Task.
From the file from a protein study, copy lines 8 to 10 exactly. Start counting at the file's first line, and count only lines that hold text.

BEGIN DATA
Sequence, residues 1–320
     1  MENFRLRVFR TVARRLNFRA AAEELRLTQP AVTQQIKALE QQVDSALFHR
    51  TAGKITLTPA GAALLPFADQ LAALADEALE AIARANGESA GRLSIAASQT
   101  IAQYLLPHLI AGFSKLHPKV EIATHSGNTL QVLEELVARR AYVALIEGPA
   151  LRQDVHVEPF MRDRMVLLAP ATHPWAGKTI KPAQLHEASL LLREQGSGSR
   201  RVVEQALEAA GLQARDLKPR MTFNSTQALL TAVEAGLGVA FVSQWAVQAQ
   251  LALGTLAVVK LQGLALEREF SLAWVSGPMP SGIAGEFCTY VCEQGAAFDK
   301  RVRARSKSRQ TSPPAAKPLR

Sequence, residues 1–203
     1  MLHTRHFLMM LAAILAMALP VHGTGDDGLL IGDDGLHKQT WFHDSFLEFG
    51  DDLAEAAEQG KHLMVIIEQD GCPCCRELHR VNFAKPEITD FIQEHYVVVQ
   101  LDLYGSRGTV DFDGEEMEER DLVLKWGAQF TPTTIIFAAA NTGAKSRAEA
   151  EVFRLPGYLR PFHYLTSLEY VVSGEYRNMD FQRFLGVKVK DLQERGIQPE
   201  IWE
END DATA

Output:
   301  RVRARSKSRQ TSPPAAKPLR

Sequence, residues 1–203
     1  MLHTRHFLMM LAAILAMALP VHGTGDDGLL IGDDGLHKQT WFHDSFLEFG